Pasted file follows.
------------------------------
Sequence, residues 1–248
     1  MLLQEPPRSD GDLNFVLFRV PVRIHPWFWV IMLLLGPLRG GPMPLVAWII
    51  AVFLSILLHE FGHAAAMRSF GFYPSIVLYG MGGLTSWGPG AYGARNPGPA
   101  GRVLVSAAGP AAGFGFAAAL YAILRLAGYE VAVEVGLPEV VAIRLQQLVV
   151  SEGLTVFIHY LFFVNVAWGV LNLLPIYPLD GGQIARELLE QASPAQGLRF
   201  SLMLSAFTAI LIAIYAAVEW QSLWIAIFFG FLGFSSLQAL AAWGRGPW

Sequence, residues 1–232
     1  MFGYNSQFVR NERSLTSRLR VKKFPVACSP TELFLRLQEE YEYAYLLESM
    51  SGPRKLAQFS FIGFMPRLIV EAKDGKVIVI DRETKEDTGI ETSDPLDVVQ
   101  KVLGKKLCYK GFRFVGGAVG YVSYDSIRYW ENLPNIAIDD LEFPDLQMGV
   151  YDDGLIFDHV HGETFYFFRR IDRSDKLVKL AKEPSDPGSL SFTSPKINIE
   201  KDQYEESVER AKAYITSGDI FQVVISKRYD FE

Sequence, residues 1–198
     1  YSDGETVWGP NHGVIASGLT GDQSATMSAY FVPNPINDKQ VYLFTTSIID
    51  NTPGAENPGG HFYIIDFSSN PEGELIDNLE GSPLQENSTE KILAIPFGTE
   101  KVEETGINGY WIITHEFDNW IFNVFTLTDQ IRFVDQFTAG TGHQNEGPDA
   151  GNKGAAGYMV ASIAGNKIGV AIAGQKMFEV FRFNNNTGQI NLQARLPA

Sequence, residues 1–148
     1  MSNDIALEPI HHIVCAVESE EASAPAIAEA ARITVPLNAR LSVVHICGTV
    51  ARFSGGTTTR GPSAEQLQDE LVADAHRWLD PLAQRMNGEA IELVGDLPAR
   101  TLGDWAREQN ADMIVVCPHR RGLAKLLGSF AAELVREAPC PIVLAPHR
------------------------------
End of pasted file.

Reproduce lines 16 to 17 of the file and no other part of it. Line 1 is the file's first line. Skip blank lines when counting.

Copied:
   101  KVEETGINGY WIITHEFDNW IFNVFTLTDQ IRFVDQFTAG TGHQNEGPDA
   151  GNKGAAGYMV ASIAGNKIGV AIAGQKMFEV FRFNNNTGQI NLQARLPA